Canada’s biggest strikes
by CanadianManufacturing.com staff
A look at some of the biggest and most influential labor action in Canadian history
2009-10: Vale strike
More than 3,100 Vale workers in Sudbury and Port Colborne, Ont. went on strike in July 2009 over cuts to pensions and bonuses. The year-long strike between the United Steelworkers and Brazilian-based Vale was settled with a new contract that included raises and bonuses related to nickel prices. It surpassed the 1978-79 Inco strike as the longest in Canadian history. Photo: THE CANADIAN PRESS/Gino Donato
1945: Ford strike
Around 10,000 Ford Motor Co. of Canada workers walked off the job in Windsor, Ont. demanding a new contract. Represented by the United Auto Workers, strikers created a motor-car barrier outside of the plant during the three-month long strike. Some employees at nearby plants joined picketers in sympathy. The workers eventually agreed to return to work.
1946: Stelco strike
At the Steel Company of Canada in Hamilton, Ont. more than 2,000 employees went on strike over work week hours and wages. Although the company brought in replacement workers, strikers managed to stop the flow of supplies to the plant. It ended several weeks later with Stelco’s recognition of the United Steelworkers union.
1949: Asbestos strike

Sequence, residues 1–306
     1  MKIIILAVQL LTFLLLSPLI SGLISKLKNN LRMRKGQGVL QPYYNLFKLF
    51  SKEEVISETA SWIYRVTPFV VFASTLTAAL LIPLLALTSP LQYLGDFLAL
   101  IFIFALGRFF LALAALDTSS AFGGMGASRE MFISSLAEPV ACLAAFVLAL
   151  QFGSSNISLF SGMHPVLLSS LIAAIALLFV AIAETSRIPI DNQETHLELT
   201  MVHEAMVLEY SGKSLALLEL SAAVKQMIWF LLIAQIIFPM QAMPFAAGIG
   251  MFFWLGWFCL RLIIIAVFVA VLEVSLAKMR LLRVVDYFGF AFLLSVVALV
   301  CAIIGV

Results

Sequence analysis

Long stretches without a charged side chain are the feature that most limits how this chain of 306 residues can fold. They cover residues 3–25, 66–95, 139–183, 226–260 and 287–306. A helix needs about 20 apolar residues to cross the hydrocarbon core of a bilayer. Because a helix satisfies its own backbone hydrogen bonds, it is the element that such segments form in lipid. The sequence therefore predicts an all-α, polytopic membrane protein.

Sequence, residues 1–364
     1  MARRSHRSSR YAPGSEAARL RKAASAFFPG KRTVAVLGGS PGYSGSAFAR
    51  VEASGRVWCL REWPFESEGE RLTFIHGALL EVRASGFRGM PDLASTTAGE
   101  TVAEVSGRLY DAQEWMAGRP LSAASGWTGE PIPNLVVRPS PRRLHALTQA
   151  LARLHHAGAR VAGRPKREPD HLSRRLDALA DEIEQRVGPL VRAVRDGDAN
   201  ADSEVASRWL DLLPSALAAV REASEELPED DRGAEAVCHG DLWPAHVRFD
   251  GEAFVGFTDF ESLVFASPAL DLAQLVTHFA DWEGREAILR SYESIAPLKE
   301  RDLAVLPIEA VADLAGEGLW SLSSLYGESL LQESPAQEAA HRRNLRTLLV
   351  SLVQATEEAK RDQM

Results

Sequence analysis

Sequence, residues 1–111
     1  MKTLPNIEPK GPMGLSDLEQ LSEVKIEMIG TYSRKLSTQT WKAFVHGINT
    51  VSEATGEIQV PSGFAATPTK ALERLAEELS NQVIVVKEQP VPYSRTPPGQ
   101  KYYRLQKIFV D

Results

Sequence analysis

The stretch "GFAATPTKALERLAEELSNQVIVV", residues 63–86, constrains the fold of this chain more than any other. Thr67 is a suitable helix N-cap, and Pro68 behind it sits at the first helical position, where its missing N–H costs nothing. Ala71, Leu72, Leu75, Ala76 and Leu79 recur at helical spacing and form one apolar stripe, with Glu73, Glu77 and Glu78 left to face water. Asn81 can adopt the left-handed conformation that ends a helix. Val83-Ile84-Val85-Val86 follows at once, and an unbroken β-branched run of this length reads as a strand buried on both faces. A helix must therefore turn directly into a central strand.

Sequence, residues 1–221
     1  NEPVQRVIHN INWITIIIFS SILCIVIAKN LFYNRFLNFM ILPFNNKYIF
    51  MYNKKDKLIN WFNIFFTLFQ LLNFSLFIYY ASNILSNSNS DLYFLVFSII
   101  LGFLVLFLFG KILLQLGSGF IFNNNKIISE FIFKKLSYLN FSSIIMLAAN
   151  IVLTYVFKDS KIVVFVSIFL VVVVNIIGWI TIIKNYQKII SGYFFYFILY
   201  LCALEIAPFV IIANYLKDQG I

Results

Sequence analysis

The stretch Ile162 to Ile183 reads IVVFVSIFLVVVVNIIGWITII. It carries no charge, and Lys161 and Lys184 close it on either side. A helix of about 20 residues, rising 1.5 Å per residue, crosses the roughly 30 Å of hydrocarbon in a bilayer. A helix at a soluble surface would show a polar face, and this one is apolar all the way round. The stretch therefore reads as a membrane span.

Seeking better health conditions and wages, at least 5,000 workers from several mines in the Asbestos, Que. region rallied against employers, such as the Johns Manville Corp. The four-month long strike was one of the most violent in Canadian history.
1978-79: Inco strike
Around 2,400 miners at Inco’s Sudbury mine operations went on strike in 1978 after their contract ran up and the company, which is now Vale, proposed cuts. The strike lasted eight months before being resolved with wage increases and benefits, although it had a big effect on the city’s economy and the world market for nickel.
1996: GM strike
Members of the Canadian Auto Workers at General Motors’s Oshawa truck plant went on strike for three weeks over job outsourcing to subcontractors. The parties eventually agreed GM could buy more parts from suppliers if union jobs could be protected.
2007: CP Rail strike
A Canada-wide strike involving 3,000 Canadian Pacific Railway Ltd. maintenance workers erupted in May 2007 over wage increases. The Teamsters union and CP Rail agreed to negotiate a new contract three weeks later. Some shipping companies complained of service interruptions during the period.